"I found out by letter. It was in a hotel in Birmingham that we had to meet for the very first time. We gathered as a squad of a bout 60-something and all of a sudden you're looking around the room and thinking, 'this isn't a bad room to be in!' It was full of quite impressive individuals."
On a mutual respect and being written off in '97
"There's no doubting that we had a mutual bonding around one fact: not only did the South African players, media, and public not think that we had the ability to win the Test series, I think many people in Britain didn't even think we could win it.
"There was a point to prove – an acknowledgement of the ability we had in our squad and of the fact that we could win. It would take a lot of hard work but the most encouraging part was that everyone was committed to that.
"I think we did a good job in the first week. We had the set-a-side team-bonding activities as well as a couple of training sessions and the impromptu social. It was nothing staged. It wasn't like speed dating or anything like that!"
On hard work helping create a special team spirit in South Africa
"I think we also bonded on the training pitch. Sometimes it was done through extremely hard work. Having someone like Jim Telfer as your forwards coach, a man who doesn't take any stick and doesn't accept standards below the best, meant that when we had a couple of scrummaging performances that were below par in the first three games, we received a severe scrummaging beasting.
"It went beyond scrummaging technique. It turned into scrummaging technique, scrummaging fitness and a severe beasting, but that's a way of bringing people together. You live people's experiences. You live their pain and you live their joy when it's over.
"You knew that they had the capacity levels for hard work. You knew that everybody that was there was prepared to go the last breath, because you'd seen it. You knew how far they could go and you also knew that if you weren't putting it in, you were letting them down."
Richard Hill turned 24 a day before his Lions debut in May 1997
On happy memories of a first Test win against the Boks
"For the first Test, I was certainly very nervous, very ashen faced, very quiet before it. You look back at the videos now and either I had a very slender framework or that was a XXXXL shirt!
"The game pivoted around Matt Dawson's try. That was a key moment and that gave us an ounce of confidence, knocked them a little bit and allowed us to get the Alan Tait try that secured the victory.
"All of a sudden, we'd gone into their territory and we'd marked our spot. It was something that completely knocked them for six and I think it probably helped us win the second Test as well.
"Not only did the South Africans have to contend with disappointment of losing, they also had to contend with the country's disappointment and them asking questions of individuals as well as the team. That meant that we had a confidence ourselves."
On securing the series and a career highlight
"I think that confidence was one of the key things. In a way, you can look at that second Test and think that they played the better rugby.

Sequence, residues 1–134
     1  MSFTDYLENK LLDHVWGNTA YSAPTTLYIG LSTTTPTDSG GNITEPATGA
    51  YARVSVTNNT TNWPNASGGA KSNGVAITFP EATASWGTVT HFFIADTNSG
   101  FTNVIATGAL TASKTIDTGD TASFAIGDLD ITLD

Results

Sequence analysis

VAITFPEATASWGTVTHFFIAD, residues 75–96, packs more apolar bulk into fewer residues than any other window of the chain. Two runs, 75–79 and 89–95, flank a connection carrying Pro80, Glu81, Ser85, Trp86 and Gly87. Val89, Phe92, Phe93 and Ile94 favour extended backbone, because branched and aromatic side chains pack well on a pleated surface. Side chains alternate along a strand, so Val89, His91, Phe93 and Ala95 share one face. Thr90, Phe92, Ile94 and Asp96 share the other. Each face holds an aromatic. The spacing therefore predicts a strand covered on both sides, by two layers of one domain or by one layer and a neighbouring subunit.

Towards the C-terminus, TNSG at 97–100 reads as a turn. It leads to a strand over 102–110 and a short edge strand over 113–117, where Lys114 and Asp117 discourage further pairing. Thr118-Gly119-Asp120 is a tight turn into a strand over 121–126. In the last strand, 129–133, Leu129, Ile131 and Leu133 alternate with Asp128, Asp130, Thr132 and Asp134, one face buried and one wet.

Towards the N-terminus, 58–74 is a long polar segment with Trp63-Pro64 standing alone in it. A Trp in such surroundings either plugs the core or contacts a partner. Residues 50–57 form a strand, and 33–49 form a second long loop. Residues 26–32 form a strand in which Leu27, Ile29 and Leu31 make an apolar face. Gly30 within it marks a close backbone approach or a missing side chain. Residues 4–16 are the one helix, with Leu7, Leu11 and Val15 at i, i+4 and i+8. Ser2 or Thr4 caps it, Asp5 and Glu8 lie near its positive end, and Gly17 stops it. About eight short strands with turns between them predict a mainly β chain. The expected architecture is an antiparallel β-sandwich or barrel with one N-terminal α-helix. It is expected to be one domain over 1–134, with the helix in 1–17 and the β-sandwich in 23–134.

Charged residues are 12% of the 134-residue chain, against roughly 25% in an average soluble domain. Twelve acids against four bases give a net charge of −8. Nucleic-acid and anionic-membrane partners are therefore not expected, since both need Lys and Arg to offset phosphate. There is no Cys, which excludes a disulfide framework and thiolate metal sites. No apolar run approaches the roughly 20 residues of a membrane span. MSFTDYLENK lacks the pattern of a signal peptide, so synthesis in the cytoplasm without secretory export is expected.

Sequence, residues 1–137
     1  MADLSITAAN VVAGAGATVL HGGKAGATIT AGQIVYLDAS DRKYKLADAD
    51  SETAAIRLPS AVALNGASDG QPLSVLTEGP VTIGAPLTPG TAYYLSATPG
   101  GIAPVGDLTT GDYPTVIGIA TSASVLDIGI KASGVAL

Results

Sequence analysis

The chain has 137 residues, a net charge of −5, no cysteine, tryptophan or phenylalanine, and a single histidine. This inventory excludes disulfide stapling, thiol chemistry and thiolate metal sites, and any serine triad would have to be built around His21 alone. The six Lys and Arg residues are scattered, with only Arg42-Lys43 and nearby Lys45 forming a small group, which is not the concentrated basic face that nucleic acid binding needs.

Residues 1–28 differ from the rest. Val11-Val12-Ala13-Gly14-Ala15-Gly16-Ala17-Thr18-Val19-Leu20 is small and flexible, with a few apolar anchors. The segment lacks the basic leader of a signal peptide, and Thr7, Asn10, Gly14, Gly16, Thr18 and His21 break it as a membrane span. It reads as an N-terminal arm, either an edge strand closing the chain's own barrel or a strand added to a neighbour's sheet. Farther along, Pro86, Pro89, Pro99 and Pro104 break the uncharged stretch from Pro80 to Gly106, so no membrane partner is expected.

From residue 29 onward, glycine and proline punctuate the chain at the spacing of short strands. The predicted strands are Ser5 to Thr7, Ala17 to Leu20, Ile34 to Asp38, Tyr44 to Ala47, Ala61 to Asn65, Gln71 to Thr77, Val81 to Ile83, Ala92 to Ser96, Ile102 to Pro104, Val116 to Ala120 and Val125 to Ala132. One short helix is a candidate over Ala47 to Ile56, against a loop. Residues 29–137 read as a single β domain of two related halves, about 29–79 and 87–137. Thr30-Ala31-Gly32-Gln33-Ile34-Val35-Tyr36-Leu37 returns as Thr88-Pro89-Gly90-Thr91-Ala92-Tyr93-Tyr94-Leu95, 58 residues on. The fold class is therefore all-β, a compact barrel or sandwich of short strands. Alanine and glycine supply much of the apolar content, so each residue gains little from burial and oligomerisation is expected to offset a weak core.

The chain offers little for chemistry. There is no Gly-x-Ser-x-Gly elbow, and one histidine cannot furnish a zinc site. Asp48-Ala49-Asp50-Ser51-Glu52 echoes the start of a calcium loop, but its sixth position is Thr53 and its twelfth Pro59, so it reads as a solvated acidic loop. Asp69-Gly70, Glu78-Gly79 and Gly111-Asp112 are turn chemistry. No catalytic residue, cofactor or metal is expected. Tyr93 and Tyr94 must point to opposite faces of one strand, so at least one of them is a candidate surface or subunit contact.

"But the fact is we fought for everything, we defended for our lives and we were fortunate that Neil Jenkins was playing out of position at full back and had an absolute stormer of a series that meant he was able to kick everything – before Jerry Guscott stepped up to steal the limelight!
"At that point (when Guscott kicked the winning drop goal), I was on the side but I saw it going up and knew it was over. We just had to concentrate hard then, we had a couple of minutes to see out and they had the capacity to score points.
"It was just brilliant, it was awesome. Seeing the thousands red shirts singing and shouting. There was naturally a celebration at King's Park. There are very few venues in the world where you can go out on to the back pitches and the car parks where they've got their barbeques going and their beers out. It's a very relaxed, informal way of doing it.
"That Test series definitely ranks up there. That was one of the first major top-level successes that I had. The fact that I went on to do another two tours and was unable to have that same achievement highlights how difficult in can be."
On a tour-ending injury in 2001
"I bobbled a pass from Martin Johnson and took a hit to the face. At the time you're thinking, 'well, has that affected me or not'. You almost need a few seconds to gather yourself.
"I don't think I was actually convinced who I was playing for because I'm not used to playing in red! It took me a little while to work out who I was playing for and where we were.
"I went off just to try and re-gather my thoughts, went back on and played out the rest of that half. I remember walking off the pitch and it was almost like I then woke up in a medical room at half time.
"You go through some of the precautionary tests and, unfortunately, that night I was told I wouldn't be able to feature the next week. That was a horrible thing to take.
"I thought from my personal performances that the tour had been going well. I desperately wanted to get out there again and play in the series decider. Unfortunately, that was taken out of my hands."
Another horrific injury ended Hill's tour and his Lions career in 2005
On another disappointing outcome in 2005
"I'd fought extremely hard to make the tour and make myself available. I was feeling confident that it was all sorted but nothing could have prepared me for the position I got myself in.
"I was happy with my tackle, it was just a meeting of forces. Unfortunately, the left leg wasn't in a perfect position and got caught underneath. I then had to take all of Ali Williams' weight.
"I knew on that tour that I was never going to play in 2009 so it was just all about trying to rehabilitate the knee to get myself back on to a rugby pitch. I'm not saying I rehabilitated properly or fully but I certainly got back on to the pitch, which was my desire."